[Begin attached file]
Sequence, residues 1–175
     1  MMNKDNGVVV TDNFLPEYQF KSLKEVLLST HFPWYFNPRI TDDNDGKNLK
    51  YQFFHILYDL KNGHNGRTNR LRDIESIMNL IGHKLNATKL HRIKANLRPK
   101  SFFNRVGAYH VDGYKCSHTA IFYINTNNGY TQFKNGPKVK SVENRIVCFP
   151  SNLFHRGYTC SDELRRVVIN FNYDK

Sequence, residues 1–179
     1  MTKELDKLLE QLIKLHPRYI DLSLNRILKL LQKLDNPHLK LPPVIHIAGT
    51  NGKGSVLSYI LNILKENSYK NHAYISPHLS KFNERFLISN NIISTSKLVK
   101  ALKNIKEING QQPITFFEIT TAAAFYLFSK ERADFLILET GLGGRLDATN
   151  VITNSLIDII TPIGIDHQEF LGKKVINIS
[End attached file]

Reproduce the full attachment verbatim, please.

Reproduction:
Sequence, residues 1–175
     1  MMNKDNGVVV TDNFLPEYQF KSLKEVLLST HFPWYFNPRI TDDNDGKNLK
    51  YQFFHILYDL KNGHNGRTNR LRDIESIMNL IGHKLNATKL HRIKANLRPK
   101  SFFNRVGAYH VDGYKCSHTA IFYINTNNGY TQFKNGPKVK SVENRIVCFP
   151  SNLFHRGYTC SDELRRVVIN FNYDK

Sequence, residues 1–179
     1  MTKELDKLLE QLIKLHPRYI DLSLNRILKL LQKLDNPHLK LPPVIHIAGT
    51  NGKGSVLSYI LNILKENSYK NHAYISPHLS KFNERFLISN NIISTSKLVK
   101  ALKNIKEING QQPITFFEIT TAAAFYLFSK ERADFLILET GLGGRLDATN
   151  VITNSLIDII TPIGIDHQEF LGKKVINIS